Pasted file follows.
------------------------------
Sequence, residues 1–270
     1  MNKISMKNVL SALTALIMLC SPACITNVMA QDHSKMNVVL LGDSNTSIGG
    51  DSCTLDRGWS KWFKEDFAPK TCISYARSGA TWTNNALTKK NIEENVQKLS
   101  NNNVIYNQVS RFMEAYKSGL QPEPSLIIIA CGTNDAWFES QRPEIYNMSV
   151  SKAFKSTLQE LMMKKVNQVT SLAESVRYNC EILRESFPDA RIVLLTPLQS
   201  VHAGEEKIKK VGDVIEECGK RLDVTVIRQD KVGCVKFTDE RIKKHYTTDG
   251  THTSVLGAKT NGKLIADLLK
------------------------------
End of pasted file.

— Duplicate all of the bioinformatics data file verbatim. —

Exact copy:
Sequence, residues 1–270
     1  MNKISMKNVL SALTALIMLC SPACITNVMA QDHSKMNVVL LGDSNTSIGG
    51  DSCTLDRGWS KWFKEDFAPK TCISYARSGA TWTNNALTKK NIEENVQKLS
   101  NNNVIYNQVS RFMEAYKSGL QPEPSLIIIA CGTNDAWFES QRPEIYNMSV
   151  SKAFKSTLQE LMMKKVNQVT SLAESVRYNC EILRESFPDA RIVLLTPLQS
   201  VHAGEEKIKK VGDVIEECGK RLDVTVIRQD KVGCVKFTDE RIKKHYTTDG
   251  THTSVLGAKT NGKLIADLLK